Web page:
committed to this principle of diversity and deems it central to the programs, projects, and activities it considers and supports. Additional considerations in evaluating these proposals include: • Whether the provided experimental facilities will enable the researchers to undertake important work that otherwise would not be possible under individual awards. • The leverage provided by NSF funded infrastructure to enable additional research funding, university support for experimental computer science, and industry participation. • Whether the provided support will likely result in more or better results than would separate support for the individual research projects at the same total funding level. • Whether there is a strong synergism present in an RI proposal that would not be found in individual research grants. B. Review Protocol and Associated Customer Service Standard All proposals are carefully reviewed by at least three other persons outside NSF who are experts in the particular field represented by the proposal. Proposals submitted in response to this announcement will be reviewed by an initial panel; at that point some will be declined and some will be asked to participate in site reviews. After site reviews, award decisions will be made by NSF staff or a panel. Reviewers will be asked to formulate a recommendation to either support or decline each proposal. A program officer assigned to manage the proposal's review will consider the advice of reviewers and will formulate a recommendation. In most cases, proposers will be contacted by the program officer after his or her recommendation to award or decline funding has been approved by his or her supervisor, the division director. This informal notification is not a guarantee of an eventual award. NSF will be able to tell applicants whether their proposals have been declined or recommended for funding within six months for 95 percent of proposals. The time interval begins on the proposal deadline or target date or from the date of receipt, if deadlines or target dates are not used by the program. The interval ends when the division director accepts the program officer's recommendation. In all cases, after programmatic approval has been obtained, the proposals recommended for funding will be forwarded to the Division of Grants and Agreements for review of business, financial, and policy implications and the processing and issuance of a grant or other agreement. Proposers are cautioned that only a Grants Officer may make commitments, obligations or awards on behalf of NSF or authorize the expenditure of funds. No commitment on the part of NSF should be inferred from technical or budgetary discussions with an NSF Program officer. A principal investigator or organization that makes financial or personnel commitments in the absence of a grant or cooperative agreement signed by the NSF Grants Officer does so at its own risk.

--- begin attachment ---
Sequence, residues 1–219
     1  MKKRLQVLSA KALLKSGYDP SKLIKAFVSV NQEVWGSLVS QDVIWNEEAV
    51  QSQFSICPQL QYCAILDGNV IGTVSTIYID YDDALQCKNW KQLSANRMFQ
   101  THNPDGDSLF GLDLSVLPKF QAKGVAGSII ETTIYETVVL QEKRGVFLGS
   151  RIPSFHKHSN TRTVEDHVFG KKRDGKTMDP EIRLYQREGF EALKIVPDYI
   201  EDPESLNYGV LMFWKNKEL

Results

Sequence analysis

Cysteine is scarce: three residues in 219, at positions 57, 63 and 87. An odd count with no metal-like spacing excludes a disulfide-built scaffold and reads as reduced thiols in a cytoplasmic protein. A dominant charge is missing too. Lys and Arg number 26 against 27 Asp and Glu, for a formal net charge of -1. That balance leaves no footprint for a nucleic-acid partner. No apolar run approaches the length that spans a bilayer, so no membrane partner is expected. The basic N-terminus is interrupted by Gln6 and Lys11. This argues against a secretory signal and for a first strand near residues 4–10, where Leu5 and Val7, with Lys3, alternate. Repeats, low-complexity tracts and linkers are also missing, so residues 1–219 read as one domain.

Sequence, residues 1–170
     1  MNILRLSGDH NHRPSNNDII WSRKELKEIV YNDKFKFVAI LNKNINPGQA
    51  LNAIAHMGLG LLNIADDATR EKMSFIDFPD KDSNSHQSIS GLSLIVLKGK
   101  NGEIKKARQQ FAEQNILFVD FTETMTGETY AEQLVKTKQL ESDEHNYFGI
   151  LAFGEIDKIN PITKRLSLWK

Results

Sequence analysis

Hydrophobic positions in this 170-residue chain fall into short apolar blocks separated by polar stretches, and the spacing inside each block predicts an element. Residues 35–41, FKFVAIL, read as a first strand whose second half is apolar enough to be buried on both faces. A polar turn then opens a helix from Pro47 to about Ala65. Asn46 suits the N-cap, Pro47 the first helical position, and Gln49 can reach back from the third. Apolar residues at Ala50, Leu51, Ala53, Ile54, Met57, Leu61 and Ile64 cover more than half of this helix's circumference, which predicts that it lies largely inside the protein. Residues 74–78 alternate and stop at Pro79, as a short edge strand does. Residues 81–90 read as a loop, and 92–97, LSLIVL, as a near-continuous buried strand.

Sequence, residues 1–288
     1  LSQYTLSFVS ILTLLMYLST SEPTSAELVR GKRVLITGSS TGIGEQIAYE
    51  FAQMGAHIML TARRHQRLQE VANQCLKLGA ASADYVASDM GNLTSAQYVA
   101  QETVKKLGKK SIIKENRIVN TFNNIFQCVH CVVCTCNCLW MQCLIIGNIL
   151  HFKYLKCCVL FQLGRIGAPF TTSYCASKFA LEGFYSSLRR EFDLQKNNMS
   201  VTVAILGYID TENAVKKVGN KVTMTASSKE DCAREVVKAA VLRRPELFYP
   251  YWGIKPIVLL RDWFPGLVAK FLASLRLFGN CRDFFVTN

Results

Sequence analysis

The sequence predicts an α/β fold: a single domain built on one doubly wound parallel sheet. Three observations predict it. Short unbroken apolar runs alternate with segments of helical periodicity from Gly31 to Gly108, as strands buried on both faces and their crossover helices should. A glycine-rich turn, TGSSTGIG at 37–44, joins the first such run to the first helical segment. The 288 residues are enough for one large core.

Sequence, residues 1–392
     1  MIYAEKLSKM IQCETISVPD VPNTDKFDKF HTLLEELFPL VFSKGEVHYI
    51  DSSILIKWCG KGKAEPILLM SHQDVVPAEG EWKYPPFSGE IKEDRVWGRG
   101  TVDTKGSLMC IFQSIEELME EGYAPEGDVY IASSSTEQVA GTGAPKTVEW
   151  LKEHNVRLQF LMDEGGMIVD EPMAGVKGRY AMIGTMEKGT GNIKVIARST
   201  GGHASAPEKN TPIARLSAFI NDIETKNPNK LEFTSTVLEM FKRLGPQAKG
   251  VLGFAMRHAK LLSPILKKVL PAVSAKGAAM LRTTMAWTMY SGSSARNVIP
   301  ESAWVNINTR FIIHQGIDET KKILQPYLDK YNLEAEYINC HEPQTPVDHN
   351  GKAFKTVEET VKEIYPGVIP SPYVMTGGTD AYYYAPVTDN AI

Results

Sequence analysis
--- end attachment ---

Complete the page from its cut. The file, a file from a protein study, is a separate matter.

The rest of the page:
A. Notification of the Award. Notification of the award is made to the submitting organization by a Grants Officer in the Division of Grants and Agreements (DGA). Organizations whose proposals are declined will be advised as promptly as possible by the cognizant NSF Program Division administering the program. Verbatim copies of reviews, not including the identity of the reviewer, will be provided automatically to the Principal Investigator. B. Grant Award Conditions. An NSF grant consists of: (1) the award letter, which includes any special provisions applicable to the grant and any numbered amendments thereto; (2) the budget, which indicates the amounts, by categories of expense, on which NSF has based its support (or otherwise communicates any specific approvals or disapprovals of proposed expenditures); (3) the proposal referenced in the award letter; (4) the applicable grant conditions, such as Grant General Conditions